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Print is Dead. Get Over it. [MAIL:]

May 31, 2006

Todd Butler

Published May/June 2006
Mail: The Journal of Communication Distribution
 
 
“Print is dead. Get over it.”
 
Sports Illustrated President John Squires
 (Washington Post 2/20/2005)
 
 
Paid search is expected to grow 26% in 2006; the Postal Service is expected to lose $1.8 Billion dollars. While the Postal Service searches for ways to cut costs and increase mail volumes, its customers are searching for ways to migrate to the Internet. Many pundits are predicting the end of print advertising in our lifetime.
 
Declining volumes in First Class mail, stagnant growth in Standard mail and an increasing number of delivery stops places the Postal Service in a financial bind that will only be reduced by increasing its revenue and customer base. In the past, the break even mandate was achieved by raising rates; in the past direct marketers had no real alternative but to pay higher postage costs.
 
“Riding the Pony Express To Its Retirement”
 
That was before the Internet.
The Internet is a communications channel that on line advertisers use to make money. It provides interactive communications 24/7 and can deliver rich media (video, animation, sound) and other forms of digital advertising. A recent on line newsletter, MediaDailyNews (3/8/06), stated that “…the days of non-interactive media are numbered”.
 
It isn’t that non-interactive media is going to disappear. It just won’t dominate the marketing landscape as it does now. Newspapers and magazines understand this reality demonstrated by their moves on line. Postal management, unable to envision a digital future for hard copy mail, is doggedly riding the Pony Express to their retirement!
 
The Postal Service is a communications channel direct marketers use to make money. For the past five years the Postal Service has concentrated on getting its biggest mailers to mail more pieces. The major players in the mailing industry look to special pricing (NSA’s) as a way to reduce their costs. The Postal Service hopes to use this special pricing to increase mail volumes; covering the costs of its expanding delivery network and the financial requirements imposed by politicians with their hands in the postal cookie jar.
 
Instead of working to increase the number of pieces of existing customers’ mail, management should be working to increase the number of customers entering mail into the system. The core competency of the Postal Service is delivering hard copy messages to every residential and business address in the country six days a week. Since postal deliveries are initiated by the sender, direct mail is one of the few proactive mediums available to advertisers.
 
On line advertising delivers its content over the Internet when requested by consumers. This information is digital in nature and can provide links to other locations on the web. If this digital information is copied onto a CD/DVD and placed in a mail piece, the Postal Service can deliver the same digital content to targeted audiences. This is postal delivery of Internet advertising. The integration of print advertising, interactive CD/DVDs and links to the Internet is called Multimedia Mail. Multimedia Mail is proactive and capable of cutting through the clutter of on line and broadcast advertising.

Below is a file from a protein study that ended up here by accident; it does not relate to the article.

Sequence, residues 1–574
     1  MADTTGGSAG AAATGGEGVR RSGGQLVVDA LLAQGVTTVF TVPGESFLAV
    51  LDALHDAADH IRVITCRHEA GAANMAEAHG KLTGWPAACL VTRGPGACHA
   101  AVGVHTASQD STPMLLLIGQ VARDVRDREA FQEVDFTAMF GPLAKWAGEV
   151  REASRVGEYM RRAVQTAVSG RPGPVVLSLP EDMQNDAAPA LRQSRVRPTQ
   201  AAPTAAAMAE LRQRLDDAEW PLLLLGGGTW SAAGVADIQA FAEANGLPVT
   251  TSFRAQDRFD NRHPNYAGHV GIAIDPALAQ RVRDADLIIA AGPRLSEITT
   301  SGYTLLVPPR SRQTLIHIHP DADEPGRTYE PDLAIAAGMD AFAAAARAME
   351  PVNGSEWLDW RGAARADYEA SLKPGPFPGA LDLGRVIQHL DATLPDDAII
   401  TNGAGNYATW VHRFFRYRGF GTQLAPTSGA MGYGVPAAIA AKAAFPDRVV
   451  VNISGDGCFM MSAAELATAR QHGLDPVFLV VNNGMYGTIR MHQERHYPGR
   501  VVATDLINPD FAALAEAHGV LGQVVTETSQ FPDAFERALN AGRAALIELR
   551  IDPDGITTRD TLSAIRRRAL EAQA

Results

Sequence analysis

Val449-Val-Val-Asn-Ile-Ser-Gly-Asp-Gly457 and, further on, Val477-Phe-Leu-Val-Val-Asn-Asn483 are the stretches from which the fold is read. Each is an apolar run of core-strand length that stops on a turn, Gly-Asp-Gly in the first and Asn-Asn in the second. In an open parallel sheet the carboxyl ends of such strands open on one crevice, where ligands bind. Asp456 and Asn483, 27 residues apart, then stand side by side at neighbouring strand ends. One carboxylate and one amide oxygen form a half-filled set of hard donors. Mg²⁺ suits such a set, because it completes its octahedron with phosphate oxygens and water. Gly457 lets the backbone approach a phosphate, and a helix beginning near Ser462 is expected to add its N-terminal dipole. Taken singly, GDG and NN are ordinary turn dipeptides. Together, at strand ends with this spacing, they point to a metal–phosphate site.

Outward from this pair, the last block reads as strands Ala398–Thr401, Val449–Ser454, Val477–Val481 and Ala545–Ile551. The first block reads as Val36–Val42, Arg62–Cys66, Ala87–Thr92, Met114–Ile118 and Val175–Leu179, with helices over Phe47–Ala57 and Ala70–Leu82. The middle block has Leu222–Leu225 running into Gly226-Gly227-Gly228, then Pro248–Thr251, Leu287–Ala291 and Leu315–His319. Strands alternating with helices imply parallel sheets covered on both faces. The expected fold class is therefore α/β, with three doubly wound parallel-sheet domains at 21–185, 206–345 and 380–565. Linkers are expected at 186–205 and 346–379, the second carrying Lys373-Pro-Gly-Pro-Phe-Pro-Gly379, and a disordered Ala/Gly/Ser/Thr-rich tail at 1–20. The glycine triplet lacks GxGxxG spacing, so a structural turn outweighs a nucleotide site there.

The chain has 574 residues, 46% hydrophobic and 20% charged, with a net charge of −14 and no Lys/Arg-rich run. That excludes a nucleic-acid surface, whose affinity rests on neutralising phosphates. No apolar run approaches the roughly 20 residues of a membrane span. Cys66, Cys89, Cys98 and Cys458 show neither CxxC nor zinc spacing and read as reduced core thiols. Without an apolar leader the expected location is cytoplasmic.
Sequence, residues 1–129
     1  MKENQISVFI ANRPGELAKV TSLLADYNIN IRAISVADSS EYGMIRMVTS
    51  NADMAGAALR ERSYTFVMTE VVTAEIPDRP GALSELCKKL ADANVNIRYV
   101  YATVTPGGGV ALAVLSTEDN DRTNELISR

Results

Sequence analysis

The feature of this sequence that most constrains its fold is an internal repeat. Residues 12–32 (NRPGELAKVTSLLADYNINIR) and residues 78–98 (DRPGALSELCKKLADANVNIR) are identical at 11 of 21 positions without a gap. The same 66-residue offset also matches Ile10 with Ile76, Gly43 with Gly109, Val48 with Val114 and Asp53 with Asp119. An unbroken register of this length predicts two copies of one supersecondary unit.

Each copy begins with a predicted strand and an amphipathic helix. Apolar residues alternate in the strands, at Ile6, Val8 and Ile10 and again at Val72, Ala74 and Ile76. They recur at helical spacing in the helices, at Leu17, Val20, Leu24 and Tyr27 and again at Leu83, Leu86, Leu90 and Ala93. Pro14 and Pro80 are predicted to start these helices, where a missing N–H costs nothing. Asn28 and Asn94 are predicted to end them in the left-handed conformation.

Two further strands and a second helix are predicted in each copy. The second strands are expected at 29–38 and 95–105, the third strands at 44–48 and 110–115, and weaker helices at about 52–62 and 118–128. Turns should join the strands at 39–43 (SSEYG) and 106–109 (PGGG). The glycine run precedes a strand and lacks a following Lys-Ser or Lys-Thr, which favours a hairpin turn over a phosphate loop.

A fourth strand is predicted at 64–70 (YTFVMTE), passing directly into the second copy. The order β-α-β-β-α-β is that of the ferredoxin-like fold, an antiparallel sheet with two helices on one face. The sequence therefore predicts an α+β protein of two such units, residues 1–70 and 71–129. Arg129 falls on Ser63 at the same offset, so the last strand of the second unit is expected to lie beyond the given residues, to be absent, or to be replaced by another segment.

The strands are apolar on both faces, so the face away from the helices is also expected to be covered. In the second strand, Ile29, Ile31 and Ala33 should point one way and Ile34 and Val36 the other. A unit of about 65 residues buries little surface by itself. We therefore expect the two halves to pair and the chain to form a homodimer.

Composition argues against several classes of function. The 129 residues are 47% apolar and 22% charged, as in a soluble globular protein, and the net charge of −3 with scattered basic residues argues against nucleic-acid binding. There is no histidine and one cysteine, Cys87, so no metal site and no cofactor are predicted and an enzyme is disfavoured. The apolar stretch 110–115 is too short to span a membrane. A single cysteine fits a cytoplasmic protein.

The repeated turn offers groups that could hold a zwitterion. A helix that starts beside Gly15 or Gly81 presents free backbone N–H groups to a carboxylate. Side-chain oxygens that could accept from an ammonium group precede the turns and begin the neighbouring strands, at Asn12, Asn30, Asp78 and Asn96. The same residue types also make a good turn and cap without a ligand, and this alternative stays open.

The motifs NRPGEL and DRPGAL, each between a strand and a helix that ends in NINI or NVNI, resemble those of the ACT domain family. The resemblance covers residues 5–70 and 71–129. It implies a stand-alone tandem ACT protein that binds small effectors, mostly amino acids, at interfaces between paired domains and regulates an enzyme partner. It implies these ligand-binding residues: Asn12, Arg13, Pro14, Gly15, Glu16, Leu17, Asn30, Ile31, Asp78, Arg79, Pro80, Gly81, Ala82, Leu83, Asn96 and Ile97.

So who might be interested in Multimedia Mail?
 On line advertisers are looking for an addressable medium capable of carrying rich media to targeted audiences at competitive (on line) rates. Another group searching for solutions is advertisers using non-interactive media like TV, radio and newspapers. With the paradigm shift taking place in non-interactive forms of advertising, the Postal Service has a narrow window of opportunity to convince these legacy advertisers that the Postal Service can provide the addressable, interactive, digital medium they are looking for.
 
The Postal Service is the only medium still capable of delivering mass audiences.
 
When using postal delivery of Internet advertising the only question for advertisers is if 137 million households with 300 million residents is too massive? Fortunately for marketers, postal delivery of Internet advertising can target all postal delivery stops in the USA or just the delivery stops where an Ohio State graduate lives. Marketers might decide on an even more targeted campaign and only want their Internet advertising delivered to the 569 residences in zip code 45039 on R003, along with store coupons and a map to a new location.
 
The point is that there are a lot of direct mailers that don’t know they’re direct mailers. These marketers want to be proactive in their advertising and require the use of a targeted interactive medium. They need to cut through the clutter of on line ads and utilize permission based delivery of rich media, regardless of a customers connection speed.
 
Unfortunately, the Postal Service doesn’t recognize these advertisers as direct mailers either. Upper management missed the memo that their new core competency is the delivery of Internet advertising.


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